Allen College breaks ground for new Winter Hall
Allen College is growing. On Thursday a groundbreaking ceremony marked the start of construction for Winter Hall, the campus’s third academic building. The new facility will help keep pace with new programs and expanded enrollment. “The end result is we need more space,” said John Knox, president and CEO of Allen Health System. (Waterloo-Cedar Falls Courier)

Health care reform could help small businesses, official says
Marshalltown businesses Wednesday received a primer on the new health care reform law as it begins to be implemented across the country. Judy Baker, director of the U.S. Department of Health and Human Services Region 7, said one of her primary missions was to dispel the misinformation that exists about the health care law. Her region includes Iowa. “I’m finding there’s a lot of misrepresentation,” she said. (Marshalltown Times-Republican)

Branstad defends budget-cutting plan from US House GOP
“I guess that’s what aggravates me about the people that come out against everybody that’s got an idea to try and reduce the federal…deficit. It takes a lot of courage to recommend that,” said the Iowa governor. “I guess that’s why I was very complimentary of Paul Ryan because he at least has come out with a comprehensive plan. And there are a lot of people that want to criticize it, but what’s their alternative?” (Radio Iowa)

National News

Joplin tornado injuries put strain on health system
Bob Denton, director of emergency medicine at the Freeman Health System, said nothing could have prepared him for the hours following this week’s devastating tornado. Patients began arriving with severed limbs, lacerations, compound fractures and head injuries. They filled the emergency department, waiting rooms and lobby and overflowed into the parking lots. “Everyone appeared to be critical, and it was overwhelming even for the most seasoned staff,” Denton said. “I can’t begin to describe the magnitude of the injuries. My colleagues in the emergency department worked tirelessly.” (Tulsa World)

Memo to GOP: Cutting Medicaid is unpopular, too
Not that there was much doubt left, but Tuesday’s uphill victory by Democrat Kathy Hochul has made it pretty clear that the budget blueprint approved by House Republicans last month, which would effectively privatize Medicare, isn’t so popular with lots of actual voters. But with health care still the No. 1 one issue driving the nation’s long-term budget problems, advocates for seniors and the poor are worried that would-be budget balancers will set their sites on the vast Medicaid program for the poor instead. (National Public Radio)

Are nurse practitioners the solution to shortage of primary care doctors?
In the last four decades, the number of nurse practitioners has risen to more than 140,000. And more and more are working on their own, especially in poor inner-city neighborhoods and rural areas, where there are few doctors in private practice. The scope of what nurses can do medically has also been growing for the past decade, at a time when the pool of primary care, or family doctors, has been shrinking. And now the need for professionals to do basic family medicine has never been greater. (PBS NewsHour)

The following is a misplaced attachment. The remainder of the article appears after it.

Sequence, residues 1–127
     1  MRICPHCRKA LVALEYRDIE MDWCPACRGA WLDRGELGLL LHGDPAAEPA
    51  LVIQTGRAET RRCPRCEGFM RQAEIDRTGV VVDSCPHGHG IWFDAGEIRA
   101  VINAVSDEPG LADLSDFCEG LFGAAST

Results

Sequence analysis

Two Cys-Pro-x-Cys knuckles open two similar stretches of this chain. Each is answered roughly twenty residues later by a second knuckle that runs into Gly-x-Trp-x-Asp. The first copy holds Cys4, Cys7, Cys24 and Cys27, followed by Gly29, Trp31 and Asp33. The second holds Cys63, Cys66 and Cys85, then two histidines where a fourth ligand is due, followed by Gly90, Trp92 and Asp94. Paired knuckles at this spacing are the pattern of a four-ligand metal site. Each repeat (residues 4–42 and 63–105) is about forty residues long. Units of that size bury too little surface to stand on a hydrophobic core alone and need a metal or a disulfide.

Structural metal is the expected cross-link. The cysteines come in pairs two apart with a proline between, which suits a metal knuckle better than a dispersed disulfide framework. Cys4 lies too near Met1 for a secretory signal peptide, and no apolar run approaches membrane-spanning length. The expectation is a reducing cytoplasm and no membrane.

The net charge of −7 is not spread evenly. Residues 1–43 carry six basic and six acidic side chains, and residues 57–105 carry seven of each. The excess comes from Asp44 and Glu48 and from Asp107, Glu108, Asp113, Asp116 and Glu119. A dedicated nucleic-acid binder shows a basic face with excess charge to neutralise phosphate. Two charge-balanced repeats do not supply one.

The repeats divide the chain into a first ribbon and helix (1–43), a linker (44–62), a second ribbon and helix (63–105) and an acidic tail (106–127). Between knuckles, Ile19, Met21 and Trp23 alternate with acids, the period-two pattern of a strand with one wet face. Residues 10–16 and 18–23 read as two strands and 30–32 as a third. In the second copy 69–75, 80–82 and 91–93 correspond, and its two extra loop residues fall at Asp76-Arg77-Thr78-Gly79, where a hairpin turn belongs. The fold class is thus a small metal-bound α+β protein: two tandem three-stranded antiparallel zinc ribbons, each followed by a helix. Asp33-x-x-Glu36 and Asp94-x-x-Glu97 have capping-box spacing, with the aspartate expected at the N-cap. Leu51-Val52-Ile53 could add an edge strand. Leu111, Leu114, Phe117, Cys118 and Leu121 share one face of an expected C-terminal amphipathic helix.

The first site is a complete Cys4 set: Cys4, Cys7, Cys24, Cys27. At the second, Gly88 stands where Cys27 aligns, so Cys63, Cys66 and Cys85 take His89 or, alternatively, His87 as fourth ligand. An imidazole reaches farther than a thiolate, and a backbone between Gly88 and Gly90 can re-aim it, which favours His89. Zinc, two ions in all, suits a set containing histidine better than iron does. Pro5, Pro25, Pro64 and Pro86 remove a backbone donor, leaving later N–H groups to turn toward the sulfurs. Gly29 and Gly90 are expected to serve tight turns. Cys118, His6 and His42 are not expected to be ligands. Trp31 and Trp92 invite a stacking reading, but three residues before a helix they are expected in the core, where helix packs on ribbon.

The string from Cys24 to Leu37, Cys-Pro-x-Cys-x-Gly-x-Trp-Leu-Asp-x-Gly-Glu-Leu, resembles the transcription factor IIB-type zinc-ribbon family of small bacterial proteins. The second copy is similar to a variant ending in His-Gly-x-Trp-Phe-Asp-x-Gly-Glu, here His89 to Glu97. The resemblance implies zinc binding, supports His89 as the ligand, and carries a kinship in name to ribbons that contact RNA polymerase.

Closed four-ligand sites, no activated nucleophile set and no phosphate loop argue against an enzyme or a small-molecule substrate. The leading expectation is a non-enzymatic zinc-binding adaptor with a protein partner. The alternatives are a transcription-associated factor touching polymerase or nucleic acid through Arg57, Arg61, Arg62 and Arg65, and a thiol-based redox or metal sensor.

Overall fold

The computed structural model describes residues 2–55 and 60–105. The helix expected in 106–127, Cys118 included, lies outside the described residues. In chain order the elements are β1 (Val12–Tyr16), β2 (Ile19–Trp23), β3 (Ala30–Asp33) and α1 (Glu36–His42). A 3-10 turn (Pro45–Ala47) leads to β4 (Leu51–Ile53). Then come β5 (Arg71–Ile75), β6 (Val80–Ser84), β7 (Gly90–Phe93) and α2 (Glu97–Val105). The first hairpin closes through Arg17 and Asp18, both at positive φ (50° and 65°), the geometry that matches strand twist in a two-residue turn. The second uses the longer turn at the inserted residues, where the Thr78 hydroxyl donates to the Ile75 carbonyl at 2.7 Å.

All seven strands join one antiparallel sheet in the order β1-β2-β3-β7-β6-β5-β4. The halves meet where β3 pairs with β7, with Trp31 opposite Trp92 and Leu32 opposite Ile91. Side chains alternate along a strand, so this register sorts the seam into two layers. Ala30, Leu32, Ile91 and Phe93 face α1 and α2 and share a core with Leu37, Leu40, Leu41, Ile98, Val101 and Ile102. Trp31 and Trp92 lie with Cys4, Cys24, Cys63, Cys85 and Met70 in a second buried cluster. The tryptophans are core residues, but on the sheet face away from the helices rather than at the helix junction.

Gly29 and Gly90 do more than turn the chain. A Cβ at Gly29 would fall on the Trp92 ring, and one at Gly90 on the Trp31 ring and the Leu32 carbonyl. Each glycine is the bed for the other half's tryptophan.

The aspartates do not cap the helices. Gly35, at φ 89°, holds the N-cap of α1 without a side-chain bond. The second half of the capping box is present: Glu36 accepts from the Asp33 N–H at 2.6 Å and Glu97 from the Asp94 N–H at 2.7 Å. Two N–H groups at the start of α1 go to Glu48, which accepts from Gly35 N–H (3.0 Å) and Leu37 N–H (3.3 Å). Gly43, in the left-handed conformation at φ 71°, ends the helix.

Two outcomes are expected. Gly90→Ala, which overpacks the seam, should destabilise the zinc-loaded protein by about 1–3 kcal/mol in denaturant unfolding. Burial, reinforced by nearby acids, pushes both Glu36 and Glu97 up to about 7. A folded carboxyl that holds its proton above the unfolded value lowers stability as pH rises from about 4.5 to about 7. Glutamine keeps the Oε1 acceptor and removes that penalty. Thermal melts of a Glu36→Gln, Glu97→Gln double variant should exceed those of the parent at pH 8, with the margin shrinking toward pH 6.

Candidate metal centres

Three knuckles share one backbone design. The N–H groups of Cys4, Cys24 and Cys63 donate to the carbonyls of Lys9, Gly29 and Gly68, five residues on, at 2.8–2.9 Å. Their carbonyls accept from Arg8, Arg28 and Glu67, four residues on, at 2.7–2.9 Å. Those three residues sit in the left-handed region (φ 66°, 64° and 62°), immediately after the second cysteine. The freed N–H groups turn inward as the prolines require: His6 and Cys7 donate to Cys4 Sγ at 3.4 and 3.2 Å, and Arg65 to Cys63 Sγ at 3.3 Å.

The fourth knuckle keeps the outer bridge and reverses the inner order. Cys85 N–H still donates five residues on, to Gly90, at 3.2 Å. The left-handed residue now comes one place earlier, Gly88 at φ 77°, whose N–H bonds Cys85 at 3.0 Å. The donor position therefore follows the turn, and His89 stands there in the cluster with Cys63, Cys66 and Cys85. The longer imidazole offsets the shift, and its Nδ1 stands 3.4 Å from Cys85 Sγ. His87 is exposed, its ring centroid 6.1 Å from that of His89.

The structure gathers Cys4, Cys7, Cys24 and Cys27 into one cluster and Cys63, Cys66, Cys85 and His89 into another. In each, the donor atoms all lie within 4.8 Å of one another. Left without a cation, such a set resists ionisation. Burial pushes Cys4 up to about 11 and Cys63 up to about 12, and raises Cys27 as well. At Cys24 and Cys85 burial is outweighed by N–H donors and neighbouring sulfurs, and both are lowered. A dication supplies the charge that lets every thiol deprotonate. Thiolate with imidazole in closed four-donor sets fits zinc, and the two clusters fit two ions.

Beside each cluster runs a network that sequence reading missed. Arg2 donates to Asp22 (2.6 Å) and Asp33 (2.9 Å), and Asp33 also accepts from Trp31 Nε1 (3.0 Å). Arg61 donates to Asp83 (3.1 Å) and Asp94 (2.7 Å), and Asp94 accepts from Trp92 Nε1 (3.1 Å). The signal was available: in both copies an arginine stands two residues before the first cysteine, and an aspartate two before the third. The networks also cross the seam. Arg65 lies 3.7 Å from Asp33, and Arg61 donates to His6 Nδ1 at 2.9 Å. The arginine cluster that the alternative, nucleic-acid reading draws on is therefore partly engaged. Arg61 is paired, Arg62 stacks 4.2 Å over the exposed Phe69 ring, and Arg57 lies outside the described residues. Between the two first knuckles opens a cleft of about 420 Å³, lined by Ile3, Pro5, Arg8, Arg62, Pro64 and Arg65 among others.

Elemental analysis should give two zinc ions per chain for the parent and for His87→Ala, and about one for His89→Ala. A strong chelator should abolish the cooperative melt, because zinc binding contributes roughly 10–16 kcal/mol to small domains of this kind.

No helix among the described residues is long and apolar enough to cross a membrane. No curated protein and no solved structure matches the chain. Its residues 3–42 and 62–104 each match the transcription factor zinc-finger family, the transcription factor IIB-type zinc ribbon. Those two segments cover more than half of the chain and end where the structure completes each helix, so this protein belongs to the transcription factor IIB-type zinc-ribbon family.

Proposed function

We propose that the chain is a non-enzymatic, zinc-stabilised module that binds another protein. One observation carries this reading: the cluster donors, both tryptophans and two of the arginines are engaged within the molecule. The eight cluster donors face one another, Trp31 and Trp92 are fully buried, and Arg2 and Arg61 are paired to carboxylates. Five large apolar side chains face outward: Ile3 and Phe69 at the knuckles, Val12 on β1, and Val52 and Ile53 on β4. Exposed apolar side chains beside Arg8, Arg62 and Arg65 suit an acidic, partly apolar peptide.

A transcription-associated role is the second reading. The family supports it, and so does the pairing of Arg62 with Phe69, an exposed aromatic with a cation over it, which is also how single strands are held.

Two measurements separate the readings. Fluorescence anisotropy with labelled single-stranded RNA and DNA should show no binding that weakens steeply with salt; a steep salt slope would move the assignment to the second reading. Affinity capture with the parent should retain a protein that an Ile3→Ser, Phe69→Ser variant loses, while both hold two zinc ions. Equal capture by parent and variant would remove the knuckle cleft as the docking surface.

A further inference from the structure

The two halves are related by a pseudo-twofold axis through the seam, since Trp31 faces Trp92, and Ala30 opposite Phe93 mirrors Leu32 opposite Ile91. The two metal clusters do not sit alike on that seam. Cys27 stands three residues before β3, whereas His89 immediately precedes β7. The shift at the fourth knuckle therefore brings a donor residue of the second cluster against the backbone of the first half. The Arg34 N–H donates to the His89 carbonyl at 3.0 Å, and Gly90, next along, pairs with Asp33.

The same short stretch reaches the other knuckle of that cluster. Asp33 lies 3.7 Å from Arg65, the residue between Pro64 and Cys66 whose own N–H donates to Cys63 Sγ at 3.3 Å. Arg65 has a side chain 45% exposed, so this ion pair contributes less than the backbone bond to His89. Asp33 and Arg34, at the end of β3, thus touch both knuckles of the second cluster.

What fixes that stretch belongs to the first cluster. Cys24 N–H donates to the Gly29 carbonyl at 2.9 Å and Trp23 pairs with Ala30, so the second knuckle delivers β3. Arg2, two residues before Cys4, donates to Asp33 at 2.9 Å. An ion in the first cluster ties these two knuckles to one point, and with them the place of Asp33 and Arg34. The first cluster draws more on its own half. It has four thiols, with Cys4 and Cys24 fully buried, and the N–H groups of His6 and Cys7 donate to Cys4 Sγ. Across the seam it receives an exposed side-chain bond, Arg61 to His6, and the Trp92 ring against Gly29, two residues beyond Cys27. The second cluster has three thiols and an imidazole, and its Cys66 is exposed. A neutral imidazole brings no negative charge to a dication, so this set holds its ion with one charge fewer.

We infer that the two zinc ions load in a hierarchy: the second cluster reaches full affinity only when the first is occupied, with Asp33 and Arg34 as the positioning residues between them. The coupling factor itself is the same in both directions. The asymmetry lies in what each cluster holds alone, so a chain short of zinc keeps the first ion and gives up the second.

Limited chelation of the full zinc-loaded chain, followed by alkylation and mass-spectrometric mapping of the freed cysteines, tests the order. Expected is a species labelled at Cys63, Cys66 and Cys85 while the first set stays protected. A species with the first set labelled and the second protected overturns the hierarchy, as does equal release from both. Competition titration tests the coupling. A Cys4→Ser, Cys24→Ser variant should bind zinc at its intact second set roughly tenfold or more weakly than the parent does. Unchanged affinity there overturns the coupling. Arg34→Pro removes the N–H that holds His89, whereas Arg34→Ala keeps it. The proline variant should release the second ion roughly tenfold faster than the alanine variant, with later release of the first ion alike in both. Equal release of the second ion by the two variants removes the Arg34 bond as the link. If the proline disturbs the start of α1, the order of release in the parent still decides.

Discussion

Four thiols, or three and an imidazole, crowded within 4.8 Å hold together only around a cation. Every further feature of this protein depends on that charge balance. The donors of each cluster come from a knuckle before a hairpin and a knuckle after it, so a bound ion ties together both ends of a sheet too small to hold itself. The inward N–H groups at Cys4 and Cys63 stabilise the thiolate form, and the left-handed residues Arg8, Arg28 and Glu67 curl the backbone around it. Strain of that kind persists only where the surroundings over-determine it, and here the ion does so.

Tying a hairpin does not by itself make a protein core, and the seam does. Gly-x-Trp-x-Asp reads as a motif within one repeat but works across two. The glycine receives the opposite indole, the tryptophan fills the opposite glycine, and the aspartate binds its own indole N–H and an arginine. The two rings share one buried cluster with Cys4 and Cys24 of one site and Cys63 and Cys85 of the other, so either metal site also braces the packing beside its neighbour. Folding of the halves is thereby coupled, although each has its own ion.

Under Arizona plan, smokers and obese would pay fee for Medicaid
Arizona, like many others states, says it is no longer able to adequately finance its Medicaid program. As part of a plan to cut costs, the state has proposed imposing a $50 fee on childless adults on Medicaid who are either obese or who smoke. In Arizona, almost half of all Medicaid recipients smoke; while the number of obese people is unclear, about one-in-four Arizonans is overweight. (New York Times)

Johns Hopkins receives $10 million to open patient safety institute
Johns Hopkins plans to use a $10 million gift to launch an institute for patient safety, aiming to reduce medical mistakes that have long troubled health care facilities around the nation. The Armstrong Institute for Patient Safety and Quality will conduct research and develop methods for use at Hopkins and other hospitals around the globe that could prevent infections, misdiagnoses, improper treatments and other errors. It may be the first of its kind in the country. (Baltimore Sun)

Vermont governor signs health care law
Governor Peter Shumlin signed a bill on Thursday that sets Vermont on a path to creating the nation’s first publicly financed health care system. The law calls for something close to a single-payer system, with doctors and hospitals billing one entity, the state government, for their services. (New York Times)

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Today’s NewsStand (May 26, 2011)

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Featuring hospital and health care headlines from the media and the Web.

Iowa News

Iowa volunteers amazed by scope of damage in Joplin
Andy Swanson walked into the gymnasium at Ozark Christian College shortly after dawn Wednesday, not sure what the day would bring. Maybe he would work for a Red Cross first-aid station, where Swanson, a 61-year-old emergency medical technician at Mercy Medical Center in Des Moines, could treat wounds and help dispense prescriptions. Or maybe he would be part of a three-person condolence team, visiting people who’d lost family members in Sunday’s EF-5 tornado, which killed at least 123 people, a number that could rise in coming days as the 1,500 people reported missing are found – or aren’t. (Des Moines Register)